Uber became the first ridesharing company to operate in Saskatchewan when it launched Tuesday at Saskatoon city hall.
The app-based service had “dozens” of drivers when the service kicked off at approximately 1:30 p.m., and about six or seven were on the roads at the time of the launch.
“The hope and the goal is that we’ll be able to expand to include some of those broader communities that are on the outskirts of Saskatoon,” said Michael van Hemmen, Uber’s business manager in Western Canada.
He declined to share how many rides the company expects to deliver in Saskatoon.
At first, rides will only be offered in Saskatoon city limits through the standard UberX service. As capacity grows, the company hopes to introduce larger vehicles through UberXL to accommodate groups.
A trip from the University of Saskatchewan residences to downtown pubs and restaurants would typically cost $10 to $12. Travelling from College Park to the Broadway Theatre would cost $12 to $13. A trip from Forest Grove to SaskTel Centre is estimated to cost $19-$21.
Saskatchewan’s Vehicles for Hire Act went into effect on Dec. 14, 2018, requiring eligible drivers to have a commercial licence (Class 1-4) or a Class 5 with conditions.
Days later, Saskatoon city council approved a bylaw, which mandated a $3.75 minimum fare, criminal record checks for drivers, and a business licensing structure.
Becoming an Uber driver takes approximately one week, according to van Hemmen.
Several members of Saskatoon’s taxi industry spoke at a Dec. 17, 2018, meeting arguing ridesharing’s introduction creates an unfair playing field.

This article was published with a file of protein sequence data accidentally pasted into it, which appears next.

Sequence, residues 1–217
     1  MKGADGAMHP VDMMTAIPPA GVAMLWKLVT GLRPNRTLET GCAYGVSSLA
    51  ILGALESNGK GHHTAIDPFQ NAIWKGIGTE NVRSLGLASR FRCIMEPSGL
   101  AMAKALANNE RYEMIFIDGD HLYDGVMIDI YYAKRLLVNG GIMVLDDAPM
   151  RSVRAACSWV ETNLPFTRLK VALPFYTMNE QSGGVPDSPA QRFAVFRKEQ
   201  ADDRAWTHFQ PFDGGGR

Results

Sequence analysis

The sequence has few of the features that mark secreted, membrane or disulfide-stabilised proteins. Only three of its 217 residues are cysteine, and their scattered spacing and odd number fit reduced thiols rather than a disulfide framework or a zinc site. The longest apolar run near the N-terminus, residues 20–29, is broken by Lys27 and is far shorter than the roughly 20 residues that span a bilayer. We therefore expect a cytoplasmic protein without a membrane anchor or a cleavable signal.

There is no cap on the number of ridesharing vehicles allowed to operate in the city, while the number of taxis is capped.
Saskatchewan is the first Canadian province to have public auto insurance and ridesharing, according to Uber.
Some municipal and provincial leaders hoped to see Uber in the province before Christmas.
“The cities wanted more information and they needed more information. We thought we’d shared enough,” Minister Responsible for SGI Joe Hargrave said.
Hargrave joined representatives from Uber and MADD Canada for the ridesharing company’s first ride in the province.
The hope, according to Hargrave and MADD’s Michelle Okere, is to curb Saskatchewan’s impaired driving numbers, which are among the highest in Canada.
“There is a huge need to fill in those gaps, especially at peak times, late at night, when people are leaving the bar,” Okere said.
Regina approved its ridesharing rules on Jan. 28.
Lyft, one of Uber’s biggest competitors in other cities, has not disclosed any potential launch details in Saskatchewan.